Measles Case in Fairbanks Confirmed

Measles rash. Image-Wikipedia
Measles rash. Image-Wikipedia

On June 9, a measles case was confirmed in Fairbanks. Alaska health officials believe there is potential for wider community exposure, putting non-immune persons at risk for infection.

An adult with recent travel to central Asia developed a rash several days after arriving in Fairbanks, Alaska on May 31. Polymerase chain reaction (PCR) testing for measles RNA virus was positive. Non-immune persons who were in close proximity to the infected person may be at risk of developing measles. This person might have been infectious while in several locations in Fairbanks, May 31 through June 7; see press release for specific locations and dates (available on the Section of Epidemiology Measles webpage at:

Federal officials will be contacting persons who may have been exposed on airlines outside of Alaska. The patient was on a flight to Fairbanks that originated in Seattle and did not transit in Anchorage.

Measles is a highly infectious viral respiratory disease that spreads via the airborne route and through direct contact with respiratory secretions. Measles starts with a fever, runny nose, cough, red eyes, and sore throat, and is followed by a rash that typically starts on the face and descends to involve the trunk and limbs. About 30% of people who get measles will develop one or more complications including pneumonia, ear infections, or diarrhea. More serious complications, including death, can occur. Complications are more common in adults and young children.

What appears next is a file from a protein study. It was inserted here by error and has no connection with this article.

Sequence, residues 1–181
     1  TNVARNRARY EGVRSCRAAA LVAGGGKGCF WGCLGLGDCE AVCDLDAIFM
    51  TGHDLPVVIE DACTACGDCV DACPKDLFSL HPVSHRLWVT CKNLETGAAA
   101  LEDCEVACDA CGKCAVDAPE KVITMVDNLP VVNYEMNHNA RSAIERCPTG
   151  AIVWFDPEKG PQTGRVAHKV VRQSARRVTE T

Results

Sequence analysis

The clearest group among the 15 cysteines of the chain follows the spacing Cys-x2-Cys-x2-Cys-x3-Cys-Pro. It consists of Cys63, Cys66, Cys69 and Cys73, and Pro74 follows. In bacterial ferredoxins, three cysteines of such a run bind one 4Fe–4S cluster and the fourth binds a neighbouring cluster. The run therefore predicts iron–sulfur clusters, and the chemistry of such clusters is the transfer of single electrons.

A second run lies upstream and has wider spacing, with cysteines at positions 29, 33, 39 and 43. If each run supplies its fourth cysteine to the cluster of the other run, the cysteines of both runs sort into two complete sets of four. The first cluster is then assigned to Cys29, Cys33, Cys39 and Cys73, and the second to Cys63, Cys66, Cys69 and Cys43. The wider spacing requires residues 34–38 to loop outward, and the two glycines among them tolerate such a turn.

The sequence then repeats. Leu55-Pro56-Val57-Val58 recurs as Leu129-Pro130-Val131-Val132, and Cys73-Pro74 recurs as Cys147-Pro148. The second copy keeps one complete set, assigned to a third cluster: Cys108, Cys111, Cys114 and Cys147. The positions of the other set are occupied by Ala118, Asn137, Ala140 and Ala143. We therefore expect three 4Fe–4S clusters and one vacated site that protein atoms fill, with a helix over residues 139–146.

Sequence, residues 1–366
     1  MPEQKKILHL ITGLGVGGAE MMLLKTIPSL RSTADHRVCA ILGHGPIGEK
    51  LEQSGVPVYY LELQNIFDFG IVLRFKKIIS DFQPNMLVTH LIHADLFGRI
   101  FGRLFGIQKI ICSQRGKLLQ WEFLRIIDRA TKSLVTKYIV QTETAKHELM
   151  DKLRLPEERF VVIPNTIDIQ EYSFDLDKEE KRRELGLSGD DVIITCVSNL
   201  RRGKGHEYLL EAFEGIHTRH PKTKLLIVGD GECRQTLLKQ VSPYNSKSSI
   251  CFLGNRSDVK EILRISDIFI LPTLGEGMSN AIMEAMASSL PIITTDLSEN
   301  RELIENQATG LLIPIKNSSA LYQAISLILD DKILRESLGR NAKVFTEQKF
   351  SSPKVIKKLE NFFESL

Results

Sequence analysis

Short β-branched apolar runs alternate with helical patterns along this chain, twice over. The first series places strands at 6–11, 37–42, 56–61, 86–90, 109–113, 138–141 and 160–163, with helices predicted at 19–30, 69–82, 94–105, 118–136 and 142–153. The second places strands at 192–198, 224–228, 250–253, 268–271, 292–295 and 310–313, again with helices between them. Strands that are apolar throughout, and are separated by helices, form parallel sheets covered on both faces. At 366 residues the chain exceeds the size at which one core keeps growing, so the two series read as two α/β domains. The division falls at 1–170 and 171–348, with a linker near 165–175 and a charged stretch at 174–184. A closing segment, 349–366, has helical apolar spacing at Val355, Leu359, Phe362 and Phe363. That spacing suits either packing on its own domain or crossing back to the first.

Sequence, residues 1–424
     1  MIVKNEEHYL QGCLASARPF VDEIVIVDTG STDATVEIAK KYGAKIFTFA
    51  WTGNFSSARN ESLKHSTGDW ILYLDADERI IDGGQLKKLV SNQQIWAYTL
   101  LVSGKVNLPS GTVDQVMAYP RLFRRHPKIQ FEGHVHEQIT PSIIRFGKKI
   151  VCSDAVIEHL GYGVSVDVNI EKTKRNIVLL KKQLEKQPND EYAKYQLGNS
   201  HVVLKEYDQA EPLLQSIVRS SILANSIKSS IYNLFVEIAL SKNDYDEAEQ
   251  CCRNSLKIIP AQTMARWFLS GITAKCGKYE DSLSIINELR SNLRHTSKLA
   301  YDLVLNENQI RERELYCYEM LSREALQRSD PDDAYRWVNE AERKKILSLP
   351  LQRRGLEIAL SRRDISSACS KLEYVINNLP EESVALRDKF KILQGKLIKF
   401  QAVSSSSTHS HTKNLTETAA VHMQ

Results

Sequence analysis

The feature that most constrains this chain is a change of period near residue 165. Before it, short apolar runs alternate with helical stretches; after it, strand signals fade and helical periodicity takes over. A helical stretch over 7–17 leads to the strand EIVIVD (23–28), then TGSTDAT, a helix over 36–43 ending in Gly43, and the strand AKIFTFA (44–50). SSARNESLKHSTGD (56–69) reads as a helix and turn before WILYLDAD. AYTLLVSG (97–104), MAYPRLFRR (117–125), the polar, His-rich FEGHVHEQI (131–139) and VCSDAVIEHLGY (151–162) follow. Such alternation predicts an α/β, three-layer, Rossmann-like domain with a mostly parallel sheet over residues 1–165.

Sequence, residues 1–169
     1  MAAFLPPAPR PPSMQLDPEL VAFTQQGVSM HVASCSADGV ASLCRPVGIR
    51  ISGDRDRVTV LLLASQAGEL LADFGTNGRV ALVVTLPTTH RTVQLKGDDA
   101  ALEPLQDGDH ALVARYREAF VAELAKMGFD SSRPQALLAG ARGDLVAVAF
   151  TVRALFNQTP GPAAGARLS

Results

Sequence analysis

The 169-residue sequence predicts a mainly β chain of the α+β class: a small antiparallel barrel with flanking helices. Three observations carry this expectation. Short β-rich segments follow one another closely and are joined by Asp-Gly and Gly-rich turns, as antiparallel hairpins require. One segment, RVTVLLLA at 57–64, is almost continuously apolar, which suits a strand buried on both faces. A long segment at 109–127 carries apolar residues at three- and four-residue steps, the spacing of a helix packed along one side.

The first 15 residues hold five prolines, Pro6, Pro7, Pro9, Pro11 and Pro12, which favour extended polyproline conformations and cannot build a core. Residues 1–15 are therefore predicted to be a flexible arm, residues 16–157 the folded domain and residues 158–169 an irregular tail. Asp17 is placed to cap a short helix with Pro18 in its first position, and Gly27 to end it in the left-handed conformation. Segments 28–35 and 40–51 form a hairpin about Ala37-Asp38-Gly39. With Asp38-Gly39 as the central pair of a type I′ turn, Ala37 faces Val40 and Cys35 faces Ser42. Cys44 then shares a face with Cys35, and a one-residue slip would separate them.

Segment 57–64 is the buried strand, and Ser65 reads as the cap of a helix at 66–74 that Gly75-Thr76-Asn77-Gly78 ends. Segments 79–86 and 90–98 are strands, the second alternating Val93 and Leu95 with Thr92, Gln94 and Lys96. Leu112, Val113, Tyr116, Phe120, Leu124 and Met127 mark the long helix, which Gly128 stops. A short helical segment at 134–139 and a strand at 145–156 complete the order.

During the incubation period, Symptoms typically start to appear 8 to 12 after exposure. The measles rash usually appears in approximately 14 days after exposure. Measles are infectious approximately four days before the rash until approximately four days after the rash appears.

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To be tested for measles, contact 907-269-8000 during business hours or 800-478-0084 after hours.

Adults or parents should call ahead before visiing a clinic if you believe you have contracted measles to avoid exposing others in the clinic or hospital waiting area. Aldults, or the parents of children with measles should avoid exposing other people during the infectious period.

Healthcare providers should report suspected measles cases immediately by calling the State of Alaska, Section of Epidemiology at (907) 269-8000 or (800) 478-0084 after hours, and suspected cases should be immediately isolated.